Don’t let the name fool you: Elinor Carucci was born in Jerusalem and studied at the Bezalel Academy of Art in Jerusalem; she moved to New York City the day after graduation to pursue her career as a photographer. The first few months were very difficult; she was on her own, and struggling with the many cultural differences. But she persevered and was soon approached by the prestigious Ricco/Maresca Gallery and offered a solo show and representation; she is now represented by the Sasha Wolf Gallery. Her first book, Closer, was published in 2002, the same year she was awarded a Guggenheim Fellowship, and it was followed by Diary of a Dancer in 2005. Mother, her third book, just came out from Prestel, and she chatted with Fiction Editor Yona Zeldis McDonough about the tender and intimate collection of photographs that comprise the volume.
YZM: Tell me about your earliest experiences with photography.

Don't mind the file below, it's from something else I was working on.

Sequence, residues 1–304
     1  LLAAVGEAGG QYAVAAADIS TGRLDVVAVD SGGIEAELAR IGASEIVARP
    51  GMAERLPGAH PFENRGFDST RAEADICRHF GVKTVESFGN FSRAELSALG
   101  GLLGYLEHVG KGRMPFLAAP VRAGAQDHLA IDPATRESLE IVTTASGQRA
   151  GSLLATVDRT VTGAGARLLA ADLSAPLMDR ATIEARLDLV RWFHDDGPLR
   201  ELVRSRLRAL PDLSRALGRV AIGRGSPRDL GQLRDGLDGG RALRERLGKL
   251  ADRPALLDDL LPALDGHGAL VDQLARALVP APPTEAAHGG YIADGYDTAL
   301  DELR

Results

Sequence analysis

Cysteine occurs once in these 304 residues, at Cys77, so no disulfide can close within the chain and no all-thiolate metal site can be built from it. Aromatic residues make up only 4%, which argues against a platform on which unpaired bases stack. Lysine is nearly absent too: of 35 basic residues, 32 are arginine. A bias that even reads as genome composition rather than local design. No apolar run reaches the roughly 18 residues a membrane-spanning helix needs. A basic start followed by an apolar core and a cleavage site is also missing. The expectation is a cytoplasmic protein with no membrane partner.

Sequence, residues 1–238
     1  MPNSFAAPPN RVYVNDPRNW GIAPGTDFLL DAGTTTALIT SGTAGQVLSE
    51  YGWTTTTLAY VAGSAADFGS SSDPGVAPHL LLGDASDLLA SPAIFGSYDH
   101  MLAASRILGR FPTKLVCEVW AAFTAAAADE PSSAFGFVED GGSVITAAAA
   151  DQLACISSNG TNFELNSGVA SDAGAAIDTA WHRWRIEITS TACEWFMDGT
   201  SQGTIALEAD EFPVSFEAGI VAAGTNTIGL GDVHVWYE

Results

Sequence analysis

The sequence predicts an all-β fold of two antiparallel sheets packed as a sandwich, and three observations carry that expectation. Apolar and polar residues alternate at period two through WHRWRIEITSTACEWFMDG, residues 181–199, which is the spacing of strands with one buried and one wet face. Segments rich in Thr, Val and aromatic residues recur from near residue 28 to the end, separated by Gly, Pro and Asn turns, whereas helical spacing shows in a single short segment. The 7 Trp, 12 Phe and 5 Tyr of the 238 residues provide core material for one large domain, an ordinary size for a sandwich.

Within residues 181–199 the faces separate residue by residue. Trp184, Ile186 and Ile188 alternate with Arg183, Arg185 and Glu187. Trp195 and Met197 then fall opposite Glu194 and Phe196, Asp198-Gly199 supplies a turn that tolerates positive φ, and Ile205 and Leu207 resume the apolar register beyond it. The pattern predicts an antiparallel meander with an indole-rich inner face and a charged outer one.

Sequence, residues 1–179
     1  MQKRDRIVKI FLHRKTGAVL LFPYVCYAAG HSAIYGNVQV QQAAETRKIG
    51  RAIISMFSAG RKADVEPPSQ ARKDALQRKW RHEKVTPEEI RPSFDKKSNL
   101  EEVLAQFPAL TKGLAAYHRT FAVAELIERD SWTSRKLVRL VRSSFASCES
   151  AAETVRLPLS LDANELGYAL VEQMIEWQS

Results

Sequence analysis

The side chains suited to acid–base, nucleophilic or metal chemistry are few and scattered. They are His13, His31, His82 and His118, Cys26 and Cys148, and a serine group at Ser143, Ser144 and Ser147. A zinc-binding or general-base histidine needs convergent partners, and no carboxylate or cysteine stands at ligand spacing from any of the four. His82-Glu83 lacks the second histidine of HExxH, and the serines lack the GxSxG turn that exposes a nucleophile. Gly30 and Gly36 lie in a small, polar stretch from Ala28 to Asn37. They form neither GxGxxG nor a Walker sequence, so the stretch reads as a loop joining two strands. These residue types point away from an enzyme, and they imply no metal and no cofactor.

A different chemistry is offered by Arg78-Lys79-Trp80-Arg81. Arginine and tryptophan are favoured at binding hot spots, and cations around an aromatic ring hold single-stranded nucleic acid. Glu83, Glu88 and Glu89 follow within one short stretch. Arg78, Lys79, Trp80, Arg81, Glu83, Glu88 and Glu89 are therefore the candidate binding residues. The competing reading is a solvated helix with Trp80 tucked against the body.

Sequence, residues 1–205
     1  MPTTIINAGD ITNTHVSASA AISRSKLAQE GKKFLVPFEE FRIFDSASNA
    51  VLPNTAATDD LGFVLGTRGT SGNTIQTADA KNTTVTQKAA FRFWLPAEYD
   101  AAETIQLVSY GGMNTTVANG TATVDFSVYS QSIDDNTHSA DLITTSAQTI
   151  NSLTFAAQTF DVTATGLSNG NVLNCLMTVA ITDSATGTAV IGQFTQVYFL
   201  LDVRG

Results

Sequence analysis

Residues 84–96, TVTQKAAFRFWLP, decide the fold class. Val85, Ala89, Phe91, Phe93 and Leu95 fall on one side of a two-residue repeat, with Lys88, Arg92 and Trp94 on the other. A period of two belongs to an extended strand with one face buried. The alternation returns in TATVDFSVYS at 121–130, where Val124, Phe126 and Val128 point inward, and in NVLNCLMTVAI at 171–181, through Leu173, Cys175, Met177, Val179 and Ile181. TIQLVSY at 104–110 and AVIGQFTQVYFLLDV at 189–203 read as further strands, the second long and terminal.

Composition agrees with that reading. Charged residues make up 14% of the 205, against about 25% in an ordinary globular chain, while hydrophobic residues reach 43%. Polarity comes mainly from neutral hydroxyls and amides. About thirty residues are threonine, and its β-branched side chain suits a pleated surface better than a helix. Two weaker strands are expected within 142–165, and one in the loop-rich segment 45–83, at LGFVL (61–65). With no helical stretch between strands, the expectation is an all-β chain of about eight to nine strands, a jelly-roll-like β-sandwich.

EC: I was 15 years old when I picked up my father’s camera. I then very intuitively walked into my mother’s bedroom and started taking pictures of her as she was waking up from her afternoon nap. in the coming weeks I continued taking pictures of her and then of my other family members and myself. I saw so much more with my camera, looking through it, looking at the photographs, it was another way of communicating with the people I love most and later with many more people.
YZM: Where do you find your inspiration?
EC: In feelings and seeing. In life, in art, in looking with attention and depth. Looking and feeling…and trying to understand and go deeper. In photographs, films and TV shows, painting, books. The streets, the people I love, looking at families in the subway, talking to a stranger, comforting a friend.
YZM: The subjects in your most recent body of work, Mother, are your children and your husband. How do you bring being a mother and being a photographer together?
EC: With a lot of hard work and focus. I had to set priorities, and give up a lot of my time with friends and free time for now.